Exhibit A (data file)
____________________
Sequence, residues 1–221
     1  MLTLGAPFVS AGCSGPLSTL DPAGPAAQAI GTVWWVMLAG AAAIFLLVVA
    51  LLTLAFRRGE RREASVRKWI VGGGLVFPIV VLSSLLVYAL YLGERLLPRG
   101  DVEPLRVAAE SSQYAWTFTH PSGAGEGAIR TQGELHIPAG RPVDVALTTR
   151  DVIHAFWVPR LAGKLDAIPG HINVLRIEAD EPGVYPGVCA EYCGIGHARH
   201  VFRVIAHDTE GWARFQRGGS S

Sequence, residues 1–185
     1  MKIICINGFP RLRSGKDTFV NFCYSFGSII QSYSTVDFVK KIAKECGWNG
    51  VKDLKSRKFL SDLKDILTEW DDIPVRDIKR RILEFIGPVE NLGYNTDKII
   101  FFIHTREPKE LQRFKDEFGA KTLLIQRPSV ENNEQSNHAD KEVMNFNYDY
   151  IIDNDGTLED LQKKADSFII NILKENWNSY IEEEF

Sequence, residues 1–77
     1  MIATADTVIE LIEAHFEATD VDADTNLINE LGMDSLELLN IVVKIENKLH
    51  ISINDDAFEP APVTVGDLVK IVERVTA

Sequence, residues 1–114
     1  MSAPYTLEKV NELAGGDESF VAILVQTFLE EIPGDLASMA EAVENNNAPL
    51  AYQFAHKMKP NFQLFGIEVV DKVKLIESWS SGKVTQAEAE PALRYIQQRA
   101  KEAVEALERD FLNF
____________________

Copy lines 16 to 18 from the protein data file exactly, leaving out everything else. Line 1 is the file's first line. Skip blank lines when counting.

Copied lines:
     1  MSAPYTLEKV NELAGGDESF VAILVQTFLE EIPGDLASMA EAVENNNAPL
    51  AYQFAHKMKP NFQLFGIEVV DKVKLIESWS SGKVTQAEAE PALRYIQQRA
   101  KEAVEALERD FLNF